Spring baby boom for southern Alberta wildlife rescue centre

Click to play video: 'Spring baby boom for southern Alberta wildlife rescue centre'
Spring baby boom for southern Alberta wildlife rescue centre
WATCH: Baby animals of all shapes and sizes who can't quite make it in the wild are getting some special help at a southern Alberta wildlife rehabilitation centre. Michael King reports – May 3, 2019

May is a busy month for animal rehabilitation centres in Alberta and baby animals who can’t quite make it in the wild yet need some help.

That’s exactly what Erin Casper and her team at the Alberta Institute for Wildlife Conservation (AIWC) focus on throughout the spring.

The rehabilitation centre takes in injured and orphaned animals with the goal of releasing them back into the wild once they’re healthy.

At the start of spring, hares are the most common patients they see, sometimes taking in more than 20 a day.

The Alberta Institute for Wildlife Conservation takes in more than 20 hares a day in the month of May. Michael King / Global News

Casper explained the two newest hares ended up at the centre through some unfortunate encounters with domesticated animals.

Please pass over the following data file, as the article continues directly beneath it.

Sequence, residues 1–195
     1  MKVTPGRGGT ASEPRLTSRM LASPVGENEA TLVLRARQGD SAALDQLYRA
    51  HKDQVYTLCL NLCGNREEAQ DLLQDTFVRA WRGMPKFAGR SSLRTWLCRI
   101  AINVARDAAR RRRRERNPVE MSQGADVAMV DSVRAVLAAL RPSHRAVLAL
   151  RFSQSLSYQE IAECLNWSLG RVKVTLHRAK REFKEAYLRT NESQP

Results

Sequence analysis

Story continues below advertisement

“One of them was caught by a cat,” said Casper. “The other one, unfortunately, his mother was killed by a dog.”

She also reminded people that even though it may be tempting to try and help an animal that looks abandoned, human intervention is not always needed.

“Parental care is different for all species,” Casper said. “With hares, we say if it looks okay, just leave it right there.”

Staff see more than 120 species come through the doors during spring.

They look after several kinds of hawks and other birds of prey until they can hunt on their own.

Last season, the AIWC released a baby beaver that had been rehabbing for two years. They’ve also taken in some larger animals, including moose calves.

Casper said the institute always tries to release the animals back to the area they were found.

“We can keep the natural population in the same spaces,” said Casper. “We’re not introducing any new diseases or new types of species to other populations.”

The AIWC said the cost to rehab a single animal can range from $100 to $1,000 each.

Story continues below advertisement

In order to support the centre’s efforts to help as many animals as possible, AIWC is holding its 8th annual Wildlife Baby Shower, hoping to raise $15,000 by the end of May.

Sponsored content